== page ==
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Mexico provided tax benefits for the producers of James Bond (here played by Daniel Craig). (Photo: Mexico City Government)
Wednesday, April 8, 2015
Trade Talk

Latin America Currencies Fall, James Bond in Mexico

LatAm currencies depreciate, James Bond in Mexico, supply chain resilience, Dominican baseball players, Venezuela toilet paper crisis.

BY LATINVEX STAFF

Latin American currencies depreciated an average of 4.1 percent against the US dollar in the first quarter, according to a Latinvex analysis of data from XE currency converter.

Of 13 Latin American currencies analyzed, 11 depreciated, while only two appreciated.

Brazil and Colombia lead the way in depreciations. The Brazilian real depreciated 19.5 percent to 3.18 per US dollar, while Colombia’s peso depreciated 9.3 percent to 2,597 per US dollar.

Peru’s sol saw the third-largest depreciation, with a 6.7 percent depreciation to 3.1 per US dollar.

Mexico’s peso depreciated 3.4 percent to 15.24 per US dollar, which was under the Latin American average.

Costa Rica and Bolivia were the only two countries that saw their currency appreciate in the first quarter. The Costa Rican colon appreciated 1.2 percent to 533.16 per US dollar, while the Bolivian Boliviano appreciated 0.14 percent to 6.9 per US dollar.

 


Latin America: Weaker Currencies

Latin American currencies per 1 US dollar

Country

Currency

4Q14

1Q15

D/A

Brazil

BRL

2.66

3.18

-19.50%

Colombia

COP

2,376

2,597

-9.30%

Peru

PEN

2.98

3.1

-6.70%

Uruguay

UYU

24.31

25.67

-5.59%

Argentina

ARS

8.47

8.82

-4.10%

Mexico

MXN

14.74

15.24

-3.40%

Chile

CLP

605.66

624.41

-3.10%

Honduras

HNL

21.02

21.35

-1.57%

Nicaragua

NIO

26.6

26.92

-1.20%

Dom. Rep.

DOP

44.3

44.71

-0.93%

Guatemala

GTQ

7.6

7.65

-0.66%

Bolivia

BOB

6.91

6.9

0.14%

Costa Rica

CRC

539.34

533.16

1.15%

Average

-4.21%

D/A=Depreciation (decrease), appreciation (increase) compared with US dollar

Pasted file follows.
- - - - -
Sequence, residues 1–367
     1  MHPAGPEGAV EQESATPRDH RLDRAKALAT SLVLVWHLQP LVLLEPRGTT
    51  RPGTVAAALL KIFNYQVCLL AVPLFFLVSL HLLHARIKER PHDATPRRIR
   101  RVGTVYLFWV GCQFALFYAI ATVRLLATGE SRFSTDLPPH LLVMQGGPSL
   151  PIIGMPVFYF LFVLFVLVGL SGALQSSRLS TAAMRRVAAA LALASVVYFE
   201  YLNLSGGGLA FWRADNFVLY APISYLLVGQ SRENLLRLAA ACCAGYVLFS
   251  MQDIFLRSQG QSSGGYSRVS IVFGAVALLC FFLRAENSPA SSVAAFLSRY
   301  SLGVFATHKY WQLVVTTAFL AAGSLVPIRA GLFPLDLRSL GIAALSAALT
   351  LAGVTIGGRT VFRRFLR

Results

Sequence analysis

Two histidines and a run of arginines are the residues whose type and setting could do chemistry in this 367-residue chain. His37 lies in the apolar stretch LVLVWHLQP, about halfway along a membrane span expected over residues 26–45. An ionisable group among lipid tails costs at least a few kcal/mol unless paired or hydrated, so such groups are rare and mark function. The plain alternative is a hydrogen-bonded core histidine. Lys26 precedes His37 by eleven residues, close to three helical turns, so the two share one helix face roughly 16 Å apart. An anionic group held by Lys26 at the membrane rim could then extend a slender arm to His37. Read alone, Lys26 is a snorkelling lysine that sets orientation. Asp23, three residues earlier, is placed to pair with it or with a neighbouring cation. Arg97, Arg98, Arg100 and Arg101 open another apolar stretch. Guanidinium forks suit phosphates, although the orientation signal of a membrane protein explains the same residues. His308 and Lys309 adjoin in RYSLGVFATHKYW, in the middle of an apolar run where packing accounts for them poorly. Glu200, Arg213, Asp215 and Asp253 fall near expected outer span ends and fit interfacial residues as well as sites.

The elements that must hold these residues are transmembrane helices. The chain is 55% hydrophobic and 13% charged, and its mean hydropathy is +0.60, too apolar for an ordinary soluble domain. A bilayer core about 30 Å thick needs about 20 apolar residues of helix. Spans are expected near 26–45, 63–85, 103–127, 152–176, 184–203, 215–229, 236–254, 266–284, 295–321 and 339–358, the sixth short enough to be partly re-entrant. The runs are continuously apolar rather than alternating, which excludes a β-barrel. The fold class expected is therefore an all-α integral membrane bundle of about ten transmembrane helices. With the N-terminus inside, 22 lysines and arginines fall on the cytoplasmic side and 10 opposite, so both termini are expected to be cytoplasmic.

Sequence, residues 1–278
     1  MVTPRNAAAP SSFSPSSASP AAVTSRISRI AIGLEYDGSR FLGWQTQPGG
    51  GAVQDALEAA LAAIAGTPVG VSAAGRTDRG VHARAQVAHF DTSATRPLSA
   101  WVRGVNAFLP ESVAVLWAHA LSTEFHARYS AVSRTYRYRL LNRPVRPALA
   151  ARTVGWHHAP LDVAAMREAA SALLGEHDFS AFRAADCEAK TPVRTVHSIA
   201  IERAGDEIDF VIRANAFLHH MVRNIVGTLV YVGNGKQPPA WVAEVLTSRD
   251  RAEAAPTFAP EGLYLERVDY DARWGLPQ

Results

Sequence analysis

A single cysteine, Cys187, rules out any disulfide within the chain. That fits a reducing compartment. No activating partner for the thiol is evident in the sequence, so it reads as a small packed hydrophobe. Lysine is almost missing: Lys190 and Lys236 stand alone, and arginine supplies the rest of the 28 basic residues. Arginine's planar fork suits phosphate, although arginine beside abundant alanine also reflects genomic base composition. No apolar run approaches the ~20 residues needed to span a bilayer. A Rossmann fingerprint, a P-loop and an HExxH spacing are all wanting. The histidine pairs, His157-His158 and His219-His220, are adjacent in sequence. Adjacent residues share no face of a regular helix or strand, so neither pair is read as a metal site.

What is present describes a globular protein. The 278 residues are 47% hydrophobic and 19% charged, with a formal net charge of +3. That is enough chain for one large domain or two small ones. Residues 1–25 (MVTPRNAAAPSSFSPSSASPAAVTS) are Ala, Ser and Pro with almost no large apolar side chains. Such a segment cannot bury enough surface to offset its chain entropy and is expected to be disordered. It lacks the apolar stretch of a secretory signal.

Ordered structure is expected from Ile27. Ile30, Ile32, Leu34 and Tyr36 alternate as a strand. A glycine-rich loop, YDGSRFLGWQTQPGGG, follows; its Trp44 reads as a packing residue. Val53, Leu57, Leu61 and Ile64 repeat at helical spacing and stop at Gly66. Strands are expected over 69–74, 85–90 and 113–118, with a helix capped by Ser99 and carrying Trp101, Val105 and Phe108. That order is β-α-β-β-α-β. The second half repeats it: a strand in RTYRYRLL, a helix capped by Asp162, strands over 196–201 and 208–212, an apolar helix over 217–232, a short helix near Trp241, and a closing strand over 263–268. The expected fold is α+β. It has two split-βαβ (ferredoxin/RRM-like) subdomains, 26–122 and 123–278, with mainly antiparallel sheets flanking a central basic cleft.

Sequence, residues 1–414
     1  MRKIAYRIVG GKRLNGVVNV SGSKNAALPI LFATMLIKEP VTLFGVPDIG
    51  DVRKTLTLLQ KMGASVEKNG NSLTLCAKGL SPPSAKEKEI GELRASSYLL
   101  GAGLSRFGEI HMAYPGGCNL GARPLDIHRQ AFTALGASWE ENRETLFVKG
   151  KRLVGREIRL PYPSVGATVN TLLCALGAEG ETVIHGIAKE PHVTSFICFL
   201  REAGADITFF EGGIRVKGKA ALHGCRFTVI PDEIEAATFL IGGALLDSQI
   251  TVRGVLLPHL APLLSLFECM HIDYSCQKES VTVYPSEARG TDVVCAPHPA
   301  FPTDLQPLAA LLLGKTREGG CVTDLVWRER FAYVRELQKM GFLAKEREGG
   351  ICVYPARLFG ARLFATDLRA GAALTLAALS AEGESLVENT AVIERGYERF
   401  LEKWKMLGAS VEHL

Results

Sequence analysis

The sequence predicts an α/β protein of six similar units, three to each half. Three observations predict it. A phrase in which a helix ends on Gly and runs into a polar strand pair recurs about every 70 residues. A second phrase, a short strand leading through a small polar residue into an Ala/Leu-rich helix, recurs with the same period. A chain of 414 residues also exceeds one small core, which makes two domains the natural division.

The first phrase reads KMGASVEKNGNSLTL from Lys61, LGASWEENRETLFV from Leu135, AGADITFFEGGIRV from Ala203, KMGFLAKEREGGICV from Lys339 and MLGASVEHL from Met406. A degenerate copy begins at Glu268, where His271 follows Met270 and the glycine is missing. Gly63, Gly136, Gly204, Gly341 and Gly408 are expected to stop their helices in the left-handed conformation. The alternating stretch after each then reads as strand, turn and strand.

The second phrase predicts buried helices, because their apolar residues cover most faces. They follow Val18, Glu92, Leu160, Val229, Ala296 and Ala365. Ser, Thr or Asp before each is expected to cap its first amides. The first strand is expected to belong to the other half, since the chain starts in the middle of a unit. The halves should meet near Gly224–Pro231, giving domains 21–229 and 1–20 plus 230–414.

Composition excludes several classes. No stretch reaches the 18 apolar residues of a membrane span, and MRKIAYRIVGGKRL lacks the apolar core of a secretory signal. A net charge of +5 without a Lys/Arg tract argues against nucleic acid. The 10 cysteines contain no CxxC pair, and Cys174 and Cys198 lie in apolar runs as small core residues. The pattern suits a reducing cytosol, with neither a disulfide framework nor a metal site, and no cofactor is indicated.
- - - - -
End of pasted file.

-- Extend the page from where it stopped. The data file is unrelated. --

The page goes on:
Ecuador, El Salvador and Panama have dollar as legal tender.

Venezuela not included as it has separate exchange rates for different sectors.

Sources: XE (rates), Latinvex (changes) 


 

JAMES BOND IN MEXICO CITY

Producers of the latest James Bond movie have been filming in Mexico City. After initial complaints that businesses were hurt by the filming, city officials revealed that producers agreed beforehand to pay 225 businesses up to $2,500 a day in compensation for closures, and most of those had to shut down only for a few hours. Meanwhile, Hotel occupancy in the historic center rose 30 percent during the filming and the number of visitors to the district was up 53 percent, AP reports.

The film’s producers were offered $20 million in tax incentives to film in the country, The Guardian reports. (See also Governments Boost LatAm Film Production).


SUPPLY CHAIN RESILIENCE

Costa Rica is Latin America’s best country and Venezuela worst when it comes to resilience to supply chain disruption, according to the latest FM Global Resilience Index from FM Global.

The index is designed to help executives evaluate and manage supply chain risk and is based on nine key drivers of supply chain risk that are grouped into three categories: economic, risk quality and supply chain factors.

 


Supply Chain Resilience: Best & Worst

LA Rk

Gl Rk

Country

Score

1

38

Costa Rica

58.1

2

41

Uruguay

56.5

3

45

Chile

54.7

4

59

Brazil

47.8

5

66

Mexico

44.8

6

73

Peru

41.5

7

77

Argentina

40.7

8

91

Panama

36.1

9

92

El Salvador

36.1

10

93

Guatemala

35.9

11

97

Ecuador

35

12

103

Bolivia

33.3

13

105

Paraguay

32.8

14

110

Colombia

30.6

15

125

Honduras

21.7

16

126

Dom. Rep.

19

17

127

Nicaragua

18.8

18

130

Venezuela

0

Sources: FM Global; Latinvex (LatAm overview)


 

DOMINICAN STARS

The total wages of Dominican players in the US Major League Baseball franchise this year is $423 million, according to Diario Libre.

The Dominican Republic now has 82 players in the US Major League Baseball franchise, by far the largest number of any other foreign nationality, according to Dominican media. 


BRING YOUR OWN TOILET PAPER

The toilet paper crisis in Venezuela is widely known, but now it’s so serious that even hotels have run out, Fusion reports.


 


© Copyright Latinvex 



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